is a litigation partner resident in Fried Frank‘s Washington, DC office. Mr. DeFosse’s practice focuses on intellectual property litigation and counseling involving a wide range of product areas, including automotive technologies, consumer electronics, telecommunications, website design, cloud computing, and medical devices. Mr. DeFosse regularly appears in federal courts throughout the United States, including the US District Courts for the Eastern District of Texas, the Eastern District of Virginia, the District of Delaware, the Northern and Central Districts of California, and the Northern District of Illinois. Mr. DeFosse also regularly appears before the Patent Trial and Appeal Board in connection with post-grant review proceedings.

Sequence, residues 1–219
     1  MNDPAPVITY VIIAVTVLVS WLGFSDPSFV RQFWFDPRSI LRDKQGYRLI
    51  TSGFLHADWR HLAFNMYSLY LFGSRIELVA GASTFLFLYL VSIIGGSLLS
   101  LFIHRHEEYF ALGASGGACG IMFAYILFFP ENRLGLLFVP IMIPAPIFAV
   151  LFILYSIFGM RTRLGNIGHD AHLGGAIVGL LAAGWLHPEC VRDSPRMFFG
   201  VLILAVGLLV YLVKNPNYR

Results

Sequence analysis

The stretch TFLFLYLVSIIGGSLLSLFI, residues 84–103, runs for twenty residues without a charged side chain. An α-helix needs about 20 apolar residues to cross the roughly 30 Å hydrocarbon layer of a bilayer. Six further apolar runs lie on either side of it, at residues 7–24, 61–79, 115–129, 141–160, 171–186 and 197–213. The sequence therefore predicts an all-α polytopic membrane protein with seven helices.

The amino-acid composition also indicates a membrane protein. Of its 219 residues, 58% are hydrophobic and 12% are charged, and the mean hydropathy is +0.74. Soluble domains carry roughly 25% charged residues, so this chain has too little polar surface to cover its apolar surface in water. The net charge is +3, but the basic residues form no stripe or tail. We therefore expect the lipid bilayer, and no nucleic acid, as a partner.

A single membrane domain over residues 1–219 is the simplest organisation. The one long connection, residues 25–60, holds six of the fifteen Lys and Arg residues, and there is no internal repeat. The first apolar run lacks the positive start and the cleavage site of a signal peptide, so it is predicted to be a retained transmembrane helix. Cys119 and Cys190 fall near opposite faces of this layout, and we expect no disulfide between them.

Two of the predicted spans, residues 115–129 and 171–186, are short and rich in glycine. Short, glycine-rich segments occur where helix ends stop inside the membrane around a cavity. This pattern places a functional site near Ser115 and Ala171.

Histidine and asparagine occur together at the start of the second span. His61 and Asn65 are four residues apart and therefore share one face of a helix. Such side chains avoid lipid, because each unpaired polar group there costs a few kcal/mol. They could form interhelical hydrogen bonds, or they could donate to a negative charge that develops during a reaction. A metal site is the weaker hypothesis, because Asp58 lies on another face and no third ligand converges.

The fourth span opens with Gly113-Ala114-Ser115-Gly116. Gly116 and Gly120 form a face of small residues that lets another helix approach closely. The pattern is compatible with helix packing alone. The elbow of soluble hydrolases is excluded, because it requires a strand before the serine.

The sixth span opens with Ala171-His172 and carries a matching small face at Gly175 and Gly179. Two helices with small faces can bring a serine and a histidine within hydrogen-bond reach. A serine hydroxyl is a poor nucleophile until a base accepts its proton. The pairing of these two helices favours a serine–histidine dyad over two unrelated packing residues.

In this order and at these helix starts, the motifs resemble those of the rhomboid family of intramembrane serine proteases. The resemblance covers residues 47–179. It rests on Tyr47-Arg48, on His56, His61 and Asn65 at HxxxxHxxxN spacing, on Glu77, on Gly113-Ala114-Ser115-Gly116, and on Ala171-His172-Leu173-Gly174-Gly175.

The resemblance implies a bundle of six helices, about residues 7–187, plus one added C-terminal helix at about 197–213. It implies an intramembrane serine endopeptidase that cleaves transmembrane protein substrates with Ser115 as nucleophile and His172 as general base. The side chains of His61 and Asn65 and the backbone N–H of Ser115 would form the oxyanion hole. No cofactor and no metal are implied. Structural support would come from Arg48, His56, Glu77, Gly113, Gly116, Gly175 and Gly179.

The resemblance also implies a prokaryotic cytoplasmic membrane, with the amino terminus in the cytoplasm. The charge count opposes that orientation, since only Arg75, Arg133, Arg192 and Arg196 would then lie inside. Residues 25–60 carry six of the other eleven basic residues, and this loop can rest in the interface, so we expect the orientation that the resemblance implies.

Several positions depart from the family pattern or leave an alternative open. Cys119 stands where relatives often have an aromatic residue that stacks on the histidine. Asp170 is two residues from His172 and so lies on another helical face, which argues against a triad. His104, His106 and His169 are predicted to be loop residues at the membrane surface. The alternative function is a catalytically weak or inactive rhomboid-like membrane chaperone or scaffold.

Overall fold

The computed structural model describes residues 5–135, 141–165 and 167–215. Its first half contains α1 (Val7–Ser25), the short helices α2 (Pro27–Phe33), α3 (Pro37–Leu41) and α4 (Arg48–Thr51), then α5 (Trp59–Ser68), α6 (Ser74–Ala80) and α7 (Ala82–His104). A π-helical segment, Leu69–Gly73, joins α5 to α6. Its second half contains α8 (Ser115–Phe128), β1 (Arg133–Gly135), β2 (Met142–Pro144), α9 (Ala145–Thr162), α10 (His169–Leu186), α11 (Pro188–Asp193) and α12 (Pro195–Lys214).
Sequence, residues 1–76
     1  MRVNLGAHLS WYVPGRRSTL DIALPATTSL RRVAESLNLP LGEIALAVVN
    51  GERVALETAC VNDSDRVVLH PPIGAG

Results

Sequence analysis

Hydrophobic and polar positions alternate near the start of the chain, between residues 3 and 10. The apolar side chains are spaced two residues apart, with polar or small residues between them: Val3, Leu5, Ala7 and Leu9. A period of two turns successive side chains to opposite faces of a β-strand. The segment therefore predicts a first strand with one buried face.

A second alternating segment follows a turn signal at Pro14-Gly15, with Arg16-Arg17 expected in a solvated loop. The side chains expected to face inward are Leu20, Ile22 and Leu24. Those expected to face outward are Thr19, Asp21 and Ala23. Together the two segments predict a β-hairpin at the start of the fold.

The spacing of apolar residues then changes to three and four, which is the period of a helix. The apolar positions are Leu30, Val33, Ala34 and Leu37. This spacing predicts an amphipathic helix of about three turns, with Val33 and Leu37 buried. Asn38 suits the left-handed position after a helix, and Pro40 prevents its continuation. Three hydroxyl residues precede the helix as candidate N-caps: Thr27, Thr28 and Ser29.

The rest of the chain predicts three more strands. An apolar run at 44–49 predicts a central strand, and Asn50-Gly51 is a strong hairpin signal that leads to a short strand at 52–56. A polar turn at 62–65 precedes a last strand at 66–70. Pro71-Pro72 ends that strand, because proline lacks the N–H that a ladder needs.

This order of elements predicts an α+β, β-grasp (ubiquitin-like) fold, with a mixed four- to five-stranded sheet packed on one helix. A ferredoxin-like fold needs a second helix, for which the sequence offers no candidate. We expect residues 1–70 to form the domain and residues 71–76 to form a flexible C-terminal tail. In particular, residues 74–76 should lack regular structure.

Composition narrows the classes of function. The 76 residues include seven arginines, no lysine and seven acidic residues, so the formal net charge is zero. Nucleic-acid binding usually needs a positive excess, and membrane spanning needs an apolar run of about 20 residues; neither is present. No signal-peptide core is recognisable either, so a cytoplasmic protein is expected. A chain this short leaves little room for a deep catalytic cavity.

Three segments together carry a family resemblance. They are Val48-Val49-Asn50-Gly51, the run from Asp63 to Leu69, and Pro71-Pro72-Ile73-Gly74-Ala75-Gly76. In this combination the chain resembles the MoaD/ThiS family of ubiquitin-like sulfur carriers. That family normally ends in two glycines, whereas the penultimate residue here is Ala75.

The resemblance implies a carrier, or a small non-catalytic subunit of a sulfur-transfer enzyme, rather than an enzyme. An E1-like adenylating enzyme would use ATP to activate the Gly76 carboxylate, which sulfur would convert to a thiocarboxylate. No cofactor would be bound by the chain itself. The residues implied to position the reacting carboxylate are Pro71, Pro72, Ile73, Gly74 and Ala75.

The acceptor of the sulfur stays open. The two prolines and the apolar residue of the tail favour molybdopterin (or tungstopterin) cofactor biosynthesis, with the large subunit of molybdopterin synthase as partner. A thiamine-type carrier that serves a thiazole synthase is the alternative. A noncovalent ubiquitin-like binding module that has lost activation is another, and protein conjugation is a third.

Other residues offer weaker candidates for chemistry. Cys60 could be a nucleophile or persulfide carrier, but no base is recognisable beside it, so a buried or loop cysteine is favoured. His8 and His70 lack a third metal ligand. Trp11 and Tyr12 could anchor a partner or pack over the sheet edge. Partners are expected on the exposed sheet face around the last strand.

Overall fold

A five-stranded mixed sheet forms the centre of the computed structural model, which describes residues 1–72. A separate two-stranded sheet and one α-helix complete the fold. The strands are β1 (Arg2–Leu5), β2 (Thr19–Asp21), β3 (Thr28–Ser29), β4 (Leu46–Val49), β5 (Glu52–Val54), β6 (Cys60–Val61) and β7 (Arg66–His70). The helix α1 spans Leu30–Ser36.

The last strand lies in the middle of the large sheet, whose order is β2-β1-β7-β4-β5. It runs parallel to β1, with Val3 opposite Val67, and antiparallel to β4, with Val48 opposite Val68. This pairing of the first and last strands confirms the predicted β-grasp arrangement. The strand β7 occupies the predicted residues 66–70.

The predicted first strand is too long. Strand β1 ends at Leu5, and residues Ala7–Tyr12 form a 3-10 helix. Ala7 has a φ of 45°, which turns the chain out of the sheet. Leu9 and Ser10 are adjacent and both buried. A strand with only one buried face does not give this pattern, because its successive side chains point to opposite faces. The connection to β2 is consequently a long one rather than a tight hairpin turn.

The waters surrounding Section 101 of the Patent Act are as muddied as they come. The statute sets forth only in broad strokes what inventions are patentable, leaving it to the courts to create an implied exception to patentability for laws of nature, natural phenomena, and abstract ideas. It has been difficult for lower courts to determine whether an invention falls within one of these excluded categories, and the U.S. Supreme Court has refused to provide a definition of what constitutes an “abstract idea.” Nonetheless, the Court in recent years has laid several foundation stones in Bilski, Mayo, Myriad and Alice for a bridge over these troubled waters. Trying to build upon these, the Federal Circuit issued two recent opinions dealing with Section 101: Enfish, LLC v. Microsoft Corporation and In re: TLI Communications LLC Patent Litigation. However, these decisions only create more confusion and cannot provide a safe means of passage over the turbulent waters of patent eligibility.